At the request of deputies supporting former socialist President Rafael Correa (2007-2017), the unicameral Parliament began to meet shortly after 6 p.m. local time (2300 GMT) and virtually.

“135 (out of 137) members of the Assembly” are taking part in this session, Parliament said on its Twitter account. They discuss Lasso’s impeachment due to a “serious political crisis and internal unrest” in the country.

The opposition, in the majority but divided within the Assembly, blames the president for the “serious political crisis” which has shaken the country since June 13, with daily demonstrations and street blockades.

In power for a year, the latter will be able to speak to the deputies, even if it has not been specified in what form, the head of state having recently been diagnosed with Covid-19.

After the debates, the deputies will have 72 hours to vote. A majority of 92 votes out of 137 is required for the impeachment procedure to pass.

On Saturday evening, President Lasso ended a state of emergency declared eight days ago in six of the country’s 24 provinces, the most affected by the protests, according to a new decree issued by the president’s office.

This curfew provided for the mobilization of the army and a seven-hour night curfew for three provinces, including Pichincha, whose capital is Quito.

Nearly 14,000 indigenous demonstrators are mobilized across the country to protest against the rising cost of living and demand in particular a drop in fuel prices, according to the police, who estimate their number at nearly 10,000 in the capital.

– Attempt at dialogue –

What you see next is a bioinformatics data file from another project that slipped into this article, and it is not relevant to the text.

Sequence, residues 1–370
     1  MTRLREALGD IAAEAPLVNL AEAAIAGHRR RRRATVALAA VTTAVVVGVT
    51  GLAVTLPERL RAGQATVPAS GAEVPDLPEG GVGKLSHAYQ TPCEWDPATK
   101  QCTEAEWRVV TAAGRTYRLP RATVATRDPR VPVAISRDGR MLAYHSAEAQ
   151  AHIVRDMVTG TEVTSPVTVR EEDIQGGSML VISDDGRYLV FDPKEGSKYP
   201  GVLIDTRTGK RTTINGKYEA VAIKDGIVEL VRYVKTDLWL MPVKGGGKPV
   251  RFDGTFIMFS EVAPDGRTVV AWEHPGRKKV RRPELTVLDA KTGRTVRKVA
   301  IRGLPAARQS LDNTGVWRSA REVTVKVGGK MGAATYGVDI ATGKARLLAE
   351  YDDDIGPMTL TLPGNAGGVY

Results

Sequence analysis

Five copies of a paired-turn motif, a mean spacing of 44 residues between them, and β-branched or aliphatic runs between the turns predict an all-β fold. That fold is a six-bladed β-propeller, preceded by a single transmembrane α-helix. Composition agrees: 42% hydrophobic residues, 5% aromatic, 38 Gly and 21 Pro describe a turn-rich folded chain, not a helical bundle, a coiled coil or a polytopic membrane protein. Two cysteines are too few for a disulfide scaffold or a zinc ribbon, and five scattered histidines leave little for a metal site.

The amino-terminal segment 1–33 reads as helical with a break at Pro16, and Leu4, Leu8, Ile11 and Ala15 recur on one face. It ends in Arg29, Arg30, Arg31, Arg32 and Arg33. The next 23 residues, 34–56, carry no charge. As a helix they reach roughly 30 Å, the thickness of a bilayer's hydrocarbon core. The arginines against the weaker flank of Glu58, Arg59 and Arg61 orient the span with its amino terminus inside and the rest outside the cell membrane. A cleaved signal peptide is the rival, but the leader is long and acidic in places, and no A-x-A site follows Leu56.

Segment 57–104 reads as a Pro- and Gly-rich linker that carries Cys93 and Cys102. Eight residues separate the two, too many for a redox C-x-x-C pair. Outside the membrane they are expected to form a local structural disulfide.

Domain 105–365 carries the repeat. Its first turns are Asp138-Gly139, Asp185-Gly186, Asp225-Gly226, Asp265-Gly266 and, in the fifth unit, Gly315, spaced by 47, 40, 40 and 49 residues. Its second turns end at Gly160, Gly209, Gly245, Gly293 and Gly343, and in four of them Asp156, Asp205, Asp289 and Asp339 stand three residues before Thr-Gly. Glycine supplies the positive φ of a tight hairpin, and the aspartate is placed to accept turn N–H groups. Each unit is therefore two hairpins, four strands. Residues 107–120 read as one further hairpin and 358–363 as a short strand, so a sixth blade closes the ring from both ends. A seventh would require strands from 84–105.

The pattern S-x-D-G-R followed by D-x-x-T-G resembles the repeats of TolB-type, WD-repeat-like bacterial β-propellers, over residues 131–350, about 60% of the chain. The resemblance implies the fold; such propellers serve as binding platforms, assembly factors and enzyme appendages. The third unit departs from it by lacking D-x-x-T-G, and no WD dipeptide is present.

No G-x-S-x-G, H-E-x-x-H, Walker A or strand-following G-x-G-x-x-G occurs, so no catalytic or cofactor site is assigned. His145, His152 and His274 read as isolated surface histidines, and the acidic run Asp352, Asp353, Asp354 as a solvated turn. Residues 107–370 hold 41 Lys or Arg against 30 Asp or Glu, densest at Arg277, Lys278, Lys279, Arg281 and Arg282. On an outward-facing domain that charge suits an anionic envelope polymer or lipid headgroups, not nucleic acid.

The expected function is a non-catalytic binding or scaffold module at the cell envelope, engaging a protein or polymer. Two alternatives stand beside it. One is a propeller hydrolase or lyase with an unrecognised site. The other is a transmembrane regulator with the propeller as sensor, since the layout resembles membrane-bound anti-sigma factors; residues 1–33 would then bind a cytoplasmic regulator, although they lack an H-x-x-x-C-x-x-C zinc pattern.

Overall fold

These debates opened on the very day of a first attempt at dialogue between leaders of the indigenous movement and several government ministers, under the auspices of the President of Parliament Virgilio Saquicela.

“We asked for the opening of a dialogue. (…) This dialogue has started, there has been no commitment whatsoever, but simply the decision of Conaie (organization spearhead of the demonstrations) to consult its base to appoint a commission to start this dialogue”, explained Mr. Saquicela to the press, judging that “the government has shown itself to be open”.

On Friday, President Lasso, who recently received support from the army, accused the demonstrators of wanting to “perpetrate a coup”.

The violence left six people dead and dozens injured. Quito is largely paralyzed and its access blocked by numerous roadblocks. The demonstrators tried twice, Thursday and Friday, to enter the premises of the National Assembly, from where they were repelled by the police.

On Saturday morning, hundreds of indigenous women held a traditional ritual in northern Quito, before marching with anti-government slogans.

“The basic food basket is very expensive and our agricultural products (…) are worth nothing,” said Miguel Taday, 39, a potato producer in Chimborazo (south).

“We will continue to fight here, until the last consequences,” said Wilmer Umajinga, 35, who has been protesting in the capital since Monday.

In Quito, residents are expressing their weariness with closed stores and shortages of certain products. Counter-demonstrations were organized with cries of “Iza (leader of the demonstrators), out!”.